Is there a good way to get women into firearms and are they really that into guns anyway? The short answers are: yes and no. After spending years in the firearm community and industry, I’ve learned a few more things about my gender and our (perceived) resistance to the presence of firearms in our society. Most things I can speak to as a result of my own experience; other things I’ve witnessed after owning and working in a gun store and indoor range since 2018. I will only provide insight based on my experience which is minimal in comparison to the amount of tools and knowledge available. Ask me this again in ten years from now.
From the perspective of an inexperienced and naive human, guns are indeed frightening. They are explosive, forceful, intense, cold pieces of steel. As we become desensitized to the impact a firearm makes on our senses, it is easy to forget how different the experience is for a beginner and how strange it can feel in a gun store or on a gun range. On an indoor range the experience intensifies dramatically and, with this in mind, the chance to make a lifelong case against firearms could increase tenfold if we are not attentive to the process. It’s an important learning process for all; the fear of or ignorance toward guns can lead to many lifelong misconceptions and quite possibly traumatic events.
Girls and women learn to appreciate firearms when they are provided education about the value of these remarkable tools and the proper training specific to their operation. Women are free to discover that gun ownership can enhance their personal and social lives. When speaking to a young lady who has no spouse or children of her own, a firearm is the ultimate tool in female empowerment. Not only does the possession and acquisition of a firearm lend to a woman’s increase in self confidence, a firearm hobby opens the doors to a new social scene and lifestyle. From gaining independence in the outdoors and becoming more self-reliant, to creating lifelong friendships at the range, I’ve watched women attain their gun license and move into purchasing their own firearms. It’s quite the moment to watch a gal blossom as she walks out of the gun store with her new purchase.
The potential new hobby must be approached with caution, of course, as it’s also my experience the “scary” part of firearms is something that needs some gentle guidance. My first experience with a gun could have ended tragically. My first experience with a shotgun was debilitating. I speak openly about these insightful moments when I’m teaching and anyone listening is usually left with a lasting impact and a different view. Often it helps to learn from another woman or a patient man who has lots of experience.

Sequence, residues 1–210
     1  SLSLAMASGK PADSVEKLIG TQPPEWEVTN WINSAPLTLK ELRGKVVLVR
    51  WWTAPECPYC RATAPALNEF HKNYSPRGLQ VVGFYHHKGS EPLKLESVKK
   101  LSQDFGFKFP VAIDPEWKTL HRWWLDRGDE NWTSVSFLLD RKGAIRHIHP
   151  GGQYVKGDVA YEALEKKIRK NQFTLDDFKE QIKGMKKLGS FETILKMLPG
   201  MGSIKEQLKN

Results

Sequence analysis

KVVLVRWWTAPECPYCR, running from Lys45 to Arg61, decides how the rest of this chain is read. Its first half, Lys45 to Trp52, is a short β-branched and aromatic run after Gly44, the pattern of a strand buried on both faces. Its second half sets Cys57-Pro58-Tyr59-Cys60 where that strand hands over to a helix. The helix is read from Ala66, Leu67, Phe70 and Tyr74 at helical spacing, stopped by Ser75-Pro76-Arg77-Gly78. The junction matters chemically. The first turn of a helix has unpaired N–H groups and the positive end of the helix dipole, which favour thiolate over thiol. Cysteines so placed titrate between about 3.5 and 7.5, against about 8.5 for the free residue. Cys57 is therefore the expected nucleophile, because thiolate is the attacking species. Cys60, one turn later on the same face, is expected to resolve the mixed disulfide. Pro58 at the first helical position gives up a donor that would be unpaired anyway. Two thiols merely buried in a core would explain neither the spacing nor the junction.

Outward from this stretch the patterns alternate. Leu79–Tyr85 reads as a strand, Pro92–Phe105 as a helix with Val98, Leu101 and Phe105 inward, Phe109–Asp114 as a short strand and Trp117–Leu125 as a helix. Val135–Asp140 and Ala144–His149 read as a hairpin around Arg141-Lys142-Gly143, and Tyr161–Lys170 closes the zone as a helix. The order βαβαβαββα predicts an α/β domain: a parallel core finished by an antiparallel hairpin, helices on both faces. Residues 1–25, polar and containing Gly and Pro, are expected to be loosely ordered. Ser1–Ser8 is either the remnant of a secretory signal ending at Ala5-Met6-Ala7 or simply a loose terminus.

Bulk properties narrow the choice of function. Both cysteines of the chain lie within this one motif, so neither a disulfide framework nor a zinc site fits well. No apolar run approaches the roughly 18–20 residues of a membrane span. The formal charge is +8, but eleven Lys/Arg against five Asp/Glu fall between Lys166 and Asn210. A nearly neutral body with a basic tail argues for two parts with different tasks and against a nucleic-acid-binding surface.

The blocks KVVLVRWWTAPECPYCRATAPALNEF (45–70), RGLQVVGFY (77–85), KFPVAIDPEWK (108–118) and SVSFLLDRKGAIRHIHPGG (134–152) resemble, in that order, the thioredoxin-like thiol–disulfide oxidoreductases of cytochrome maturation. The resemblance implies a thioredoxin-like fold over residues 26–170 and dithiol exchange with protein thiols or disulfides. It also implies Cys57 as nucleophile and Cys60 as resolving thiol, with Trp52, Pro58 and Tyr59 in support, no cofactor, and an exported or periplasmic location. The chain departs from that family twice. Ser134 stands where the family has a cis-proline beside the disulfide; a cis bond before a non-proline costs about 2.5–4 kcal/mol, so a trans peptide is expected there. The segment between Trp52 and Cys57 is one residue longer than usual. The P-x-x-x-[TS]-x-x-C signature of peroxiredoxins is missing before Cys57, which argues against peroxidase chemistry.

Through the mind of a wife and mother, the role and intent of firearms are often perceived a bit differently. I’ve learned of the ladies of the house who actively support their partner’s interests, which in some families includes hunting, collecting, target, or competition shooting. This naturally contributes to an environment where the youngest of our population gain a respect for firearms they might not receive with public education. On that note, gone are the days when children could learn these skills in the public school system where schools are hesitant to devote any meaningful teachings to firearms or firearm safety. I’ve also heard of the ladies who find it very difficult to support their partner if he does have an interest in the shooting sports – it leads to some tension and frustration and unfortunately I hear this more often than not.
Ultimately, this is connected to the question: are females really into guns? Does it come naturally? My initial answer is no even though some of us become hooked after the first trigger squeeze. For years I’ve experienced my own transformation and look to many influential women in the firearm industry. We are the ones who encourage other women to feel comfortable, as uncomfortable as getting out there and doing it might be. It’s not to say that girls aren’t into guns because I know many, including myself, who are loving their firearm hobby – but it’s not always top of mind like it is for men, especially as women are guided into softer more traditional roles where historically they perform well. On that note, and best left for another day of writing, I’ve personally discovered that shooting comes very naturally to so many women.
As much as I’d love to say ladies are coming to the range in droves, that’s simply not the case. After several years of offering range time and classes for women, the majority of women simply don’t turn to guns for fun. Firearms can make for an exciting date night with the husband or afternoon with the girls but it’s not a regular source of entertainment for most women. With that said, women are the fastest growing demographic in the shooting sports and we must continue to encourage this through adequate education and proper training as this inevitably leads a woman to the shooting sports arena.
After all is said and done, I helped my own mom gain an interest in firearms when I started my own journey down that road several years back. She was never into guns but quickly progressed to earning her restricted gun license (RPAL) and enjoys coming to the range to shoot a few rounds on occasion. While I doubt she’ll make any regular appearances on the range or look forward to glassing for big game, overall she is well aware of the value of a firearm and how they can contribute to a life well lived. Happy Mother’s Day to you, Mom! Thanks for always having my back, encouraging me to follow my heart, and letting me explore all the passion life has to offer.